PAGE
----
In this report, we used the publicly available Global Burden of Disease (GBD) studies data and methodologies. The Global Burden of Disease Collaborator Network is composed of more than 2700 collaborators worldwide and is headquartered at the Institute for Health Metrics and Evaluation (IHME) in Seattle, Washington. The estimates used in generating this manuscript relied on the GBD data and methodologies. We acknowledge the visionary global health leadership of IHME, and the contribution of all collaborators without whom this report would not be possible. We are enormously grateful to Martin Krzywinski for his instrumental help in generating the Circos plot in this manuscript.
Contributors Research area and study design: BB, YX and ZA-A; data acquisition: BB, YX and ZA-A; data analysis: BB, YX and ZA-A; interpretation of study results: all authors; statistical analysis: BB and YX; drafting the manuscript: BB and ZA-A; revision and comment on manuscript YX, TL, YY and HX; supervision or mentorship: ZA-A. Each author contributed important intellectual content during manuscript drafting or revision and accepts accountability for the overall work by ensuring that questions pertaining to the accuracy or integrity of any portion of the work are appropriately investigated and resolved. ZA-A takes responsibility that this study has been reported honestly, accurately and transparently and that no important aspects of the study have been omitted.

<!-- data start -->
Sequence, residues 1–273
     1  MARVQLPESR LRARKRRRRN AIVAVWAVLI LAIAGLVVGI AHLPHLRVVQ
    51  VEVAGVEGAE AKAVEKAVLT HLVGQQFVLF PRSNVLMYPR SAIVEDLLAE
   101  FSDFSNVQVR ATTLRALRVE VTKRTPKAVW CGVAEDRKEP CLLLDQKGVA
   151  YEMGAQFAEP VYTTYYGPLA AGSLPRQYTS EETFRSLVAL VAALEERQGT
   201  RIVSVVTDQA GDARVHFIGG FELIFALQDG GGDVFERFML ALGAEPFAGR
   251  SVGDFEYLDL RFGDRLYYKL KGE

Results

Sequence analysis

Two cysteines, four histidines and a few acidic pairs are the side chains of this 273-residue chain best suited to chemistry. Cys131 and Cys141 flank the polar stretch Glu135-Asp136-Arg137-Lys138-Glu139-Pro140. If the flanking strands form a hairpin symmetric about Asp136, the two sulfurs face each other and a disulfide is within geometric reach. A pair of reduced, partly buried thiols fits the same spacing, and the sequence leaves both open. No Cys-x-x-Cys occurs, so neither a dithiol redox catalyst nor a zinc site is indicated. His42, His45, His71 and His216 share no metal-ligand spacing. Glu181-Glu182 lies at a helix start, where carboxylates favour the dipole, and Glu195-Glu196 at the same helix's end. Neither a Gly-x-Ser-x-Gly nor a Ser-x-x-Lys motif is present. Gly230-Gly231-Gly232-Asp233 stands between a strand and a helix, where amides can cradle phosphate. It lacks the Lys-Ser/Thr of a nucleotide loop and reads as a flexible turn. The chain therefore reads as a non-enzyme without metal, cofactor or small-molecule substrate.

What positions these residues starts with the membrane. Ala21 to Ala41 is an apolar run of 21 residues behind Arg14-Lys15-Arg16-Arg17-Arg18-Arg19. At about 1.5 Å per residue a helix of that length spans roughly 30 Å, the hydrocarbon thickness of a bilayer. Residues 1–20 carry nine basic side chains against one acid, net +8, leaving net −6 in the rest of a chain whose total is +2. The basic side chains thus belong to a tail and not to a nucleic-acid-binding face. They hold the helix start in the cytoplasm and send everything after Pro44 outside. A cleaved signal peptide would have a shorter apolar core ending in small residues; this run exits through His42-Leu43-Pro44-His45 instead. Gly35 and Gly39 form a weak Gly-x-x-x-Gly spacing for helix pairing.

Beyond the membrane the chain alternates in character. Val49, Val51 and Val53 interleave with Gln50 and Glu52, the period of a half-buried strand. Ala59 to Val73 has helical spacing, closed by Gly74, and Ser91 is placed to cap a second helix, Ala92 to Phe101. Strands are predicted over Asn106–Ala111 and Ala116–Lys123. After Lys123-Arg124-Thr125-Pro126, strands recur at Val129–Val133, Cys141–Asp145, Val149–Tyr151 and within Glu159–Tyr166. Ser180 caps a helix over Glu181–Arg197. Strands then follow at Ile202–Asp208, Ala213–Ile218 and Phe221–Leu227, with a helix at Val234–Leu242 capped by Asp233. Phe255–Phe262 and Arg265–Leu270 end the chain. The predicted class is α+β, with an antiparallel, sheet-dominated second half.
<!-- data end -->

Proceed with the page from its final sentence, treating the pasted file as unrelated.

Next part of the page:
Funding This research was funded by the US Department of Veterans Affairs. The funders of this study had no role in study design; collection, analysis, and interpretation of data; writing the report; and the decision to submit the report for publication.
Disclaimer The contents do not represent the views of the US Department of Veterans Affairs or the US Government.
The depiction of boundaries on the map(s) in this article do not imply the expression of any opinion whatsoever on the part of BMJ (or any member of its group) concerning the legal status of any country, territory, jurisdiction or area or of its authorities. The map(s) are provided without any warranty of any kind, either express or implied.
Competing interests None declared.
Ethics approval This research project was reviewed and approved by the Institutional Review Board of the VA Saint Louis Health Care System.
Provenance and peer review Not commissioned; externally peer reviewed.
Data sharing statement Data are available through the Global Burden of Disease Results Portal.
Patient consent for publication Not required.